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INDUSTRY bodies and OEMs have grouped outrage at the South Australian government for its world-first plan to place a tax on low and zero-emission vehicles as NSW also rekindles interest in reviving similar plans discussed earlier this year.

The grab for another tax from motorists – in addition to stamp duty, GST, luxury car tax and charges from registration, insurance and fuel – is in contrast with some other states that have embraced EVs as a partial solution to reducing greenhouse gases from the transport sector.

It also comes at a time when the Conservative government in the United Kingdom has announced that no diesel or petrol vehicles will be allowed to be sold in the UK from 2030; just a decade away.

However the state governments argue that all road-users have to pay their way for roads and transport infrastructure via fuel taxes and all they are doing is ensuring that they do not lose excise tax revenue as the fleet swings more progressively over to EVs.

A survey by GoAutoNews Premium into the thoughts of OEMs found that Australian importers are “embarrassed” in front of their offshore parent companies by the state government’s attitude.

OEM-backed industry body the Federal Chamber of Automotive Industries (FCAI) chief executive Tony Weber said the announcement that the SA government plans to introduce a road user charge was “simply beyond belief.”

“All around the world, developed countries recognise the environmental and health benefits of low and zero-emission vehicles,” he said.

“South Australia is discouraging the uptake of environmentally friendly motoring and is turning its back on the topic of climate change” which would make the state “the only jurisdiction in the world that actually opposes the uptake of low and zero-emission vehicles.”

Aside from the perplexed expressions from the head offices of local OEMs, and no comment from the federal government, the South Australian and NSW stance has already put the brakes on plans by some car-makers to expand their EV ranges in Australia.

In a statement to GoAutoNews Premium, one OEM, Jaguar Land Rover (JLR) – which markets the Jaguar i-Pace EV, Range Rover PHEV and Range Rover Sport PHEV – said with incentives it could quickly add five more PHEVs to the Australian line-up next year.

JLR Australia said that it shares the concerns raised by the FCAI and the Electric Vehicle Council although it understood the state’s longer-term need to transition taxes to a different model given the forecast reduction of fuel excise.

“But with only 0.6 per cent of vehicles sold in Australia last year being EVs, we strongly believe that both the federal and state taxation policies should be encouraging the take-up of EVs at this time rather than introducing taxation regimes that are likely to cause the reverse effect,” it said in a statement to GoAutoNews Premium.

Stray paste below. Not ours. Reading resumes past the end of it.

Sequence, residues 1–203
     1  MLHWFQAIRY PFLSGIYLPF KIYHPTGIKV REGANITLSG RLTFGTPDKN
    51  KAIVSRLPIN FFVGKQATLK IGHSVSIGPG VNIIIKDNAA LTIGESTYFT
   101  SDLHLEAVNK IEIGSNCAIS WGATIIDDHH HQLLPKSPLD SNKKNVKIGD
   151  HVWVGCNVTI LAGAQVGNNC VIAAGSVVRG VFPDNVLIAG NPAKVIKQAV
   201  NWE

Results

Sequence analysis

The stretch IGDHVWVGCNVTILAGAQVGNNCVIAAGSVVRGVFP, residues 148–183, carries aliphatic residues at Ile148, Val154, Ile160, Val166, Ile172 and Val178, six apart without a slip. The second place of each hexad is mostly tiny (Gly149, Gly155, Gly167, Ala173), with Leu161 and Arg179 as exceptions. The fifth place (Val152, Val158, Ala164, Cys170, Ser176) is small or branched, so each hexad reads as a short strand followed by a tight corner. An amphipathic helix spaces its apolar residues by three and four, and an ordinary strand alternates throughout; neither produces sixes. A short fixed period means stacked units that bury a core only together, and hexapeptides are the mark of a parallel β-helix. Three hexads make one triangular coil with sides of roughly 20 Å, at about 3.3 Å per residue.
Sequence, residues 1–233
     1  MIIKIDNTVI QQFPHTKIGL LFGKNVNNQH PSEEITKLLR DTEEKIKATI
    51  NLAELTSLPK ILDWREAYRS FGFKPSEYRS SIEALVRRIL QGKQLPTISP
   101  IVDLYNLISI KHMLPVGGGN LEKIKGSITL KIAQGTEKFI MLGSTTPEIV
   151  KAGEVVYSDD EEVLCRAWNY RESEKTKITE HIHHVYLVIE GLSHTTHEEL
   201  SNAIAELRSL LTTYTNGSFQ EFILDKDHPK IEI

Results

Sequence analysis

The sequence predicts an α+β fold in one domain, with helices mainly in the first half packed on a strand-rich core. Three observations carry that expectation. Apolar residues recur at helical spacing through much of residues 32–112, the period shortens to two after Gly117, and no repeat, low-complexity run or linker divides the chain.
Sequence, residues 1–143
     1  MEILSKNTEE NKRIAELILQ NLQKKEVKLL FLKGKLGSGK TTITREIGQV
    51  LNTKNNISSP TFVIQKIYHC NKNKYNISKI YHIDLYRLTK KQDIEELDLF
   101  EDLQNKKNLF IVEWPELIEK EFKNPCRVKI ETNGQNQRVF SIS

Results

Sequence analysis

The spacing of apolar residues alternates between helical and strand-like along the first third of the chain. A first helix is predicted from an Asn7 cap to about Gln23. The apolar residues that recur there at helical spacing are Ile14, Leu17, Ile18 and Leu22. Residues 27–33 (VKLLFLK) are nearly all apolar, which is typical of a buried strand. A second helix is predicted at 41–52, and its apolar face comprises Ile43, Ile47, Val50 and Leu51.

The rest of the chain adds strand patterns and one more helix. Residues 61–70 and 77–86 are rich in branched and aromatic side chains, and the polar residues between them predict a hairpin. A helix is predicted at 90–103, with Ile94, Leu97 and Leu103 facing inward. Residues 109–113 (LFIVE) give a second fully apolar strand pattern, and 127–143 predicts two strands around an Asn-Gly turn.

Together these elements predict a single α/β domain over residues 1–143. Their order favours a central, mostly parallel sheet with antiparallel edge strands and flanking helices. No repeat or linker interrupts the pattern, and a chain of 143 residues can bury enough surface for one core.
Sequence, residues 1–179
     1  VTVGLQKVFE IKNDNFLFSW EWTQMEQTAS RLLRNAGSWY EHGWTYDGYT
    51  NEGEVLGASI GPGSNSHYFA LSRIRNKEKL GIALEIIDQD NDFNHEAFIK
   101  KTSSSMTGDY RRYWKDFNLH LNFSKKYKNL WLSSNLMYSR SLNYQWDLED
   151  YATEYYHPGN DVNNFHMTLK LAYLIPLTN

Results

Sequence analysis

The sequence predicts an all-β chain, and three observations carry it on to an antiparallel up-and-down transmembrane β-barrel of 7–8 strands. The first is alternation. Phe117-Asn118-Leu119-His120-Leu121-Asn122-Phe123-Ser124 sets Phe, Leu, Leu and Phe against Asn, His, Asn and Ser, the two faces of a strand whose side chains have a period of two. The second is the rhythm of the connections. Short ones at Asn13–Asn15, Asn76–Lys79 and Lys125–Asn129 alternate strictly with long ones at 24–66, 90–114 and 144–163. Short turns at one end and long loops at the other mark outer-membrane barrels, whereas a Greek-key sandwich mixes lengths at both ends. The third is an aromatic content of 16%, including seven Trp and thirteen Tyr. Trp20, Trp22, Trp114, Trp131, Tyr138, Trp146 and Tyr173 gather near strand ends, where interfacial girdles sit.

“We therefore strongly oppose the introduction of a road user charge for EV customers from July 1, 2021”.

JLR said its “Destination Zero” document set out a strategy to a zero-emissions future with the car-maker’s aim to make societies safer and healthier, and our environments cleaner.

“We therefore have a wide range of current and planned low and zero-emission vehicles that we would love to bring into Australia and make available to our customers but the market size is currently insufficient for this to be viable,” it said.

“Unfortunately the South Australian government’s road-user charging scheme is likely to further suppress demand for EVs and therefore deny Australian consumers the wide choice of low-emissions technology that many other countries enjoy.”

It said that in 2021 with the appropriate incentives in place it could also offer Range Rover Evoque, Land Rover Discovery Sport, Range Rover Velar, Jaguar E-Pace and Jaguar F-Pace PHEVs.

Hyundai Motor Company Australia (HMCA) told GoAutoNews Premium that its ability to secure EVs for the Australian market was already challenging because of the lack of any emissions targets and the lack of government incentives to encourage EV take-up.

“Australia differs to most advanced nations (because) of its lack of policy in this area,” said HMCA general manager of corporate communications and partnerships Bill Thomas.

“Despite that, our parent company has been hugely supportive of its Australian operation and we have been able to import the vehicles we need with supply at the moment being sufficient.

“We are looking forward to launching the new Ioniq5 next year to further progress our EV range. More taxes like this across Australia may adversely affect us but it’s impossible to predict.”

Mr Thomas said that the South Australian government’s proposed tax “is disappointing”.

“All across the world, we are seeing significant government support for EVs. These demonstrate a clear understanding of electric vehicles’ contribution to the reduction of emissions and pollution, especially in cities,” he said.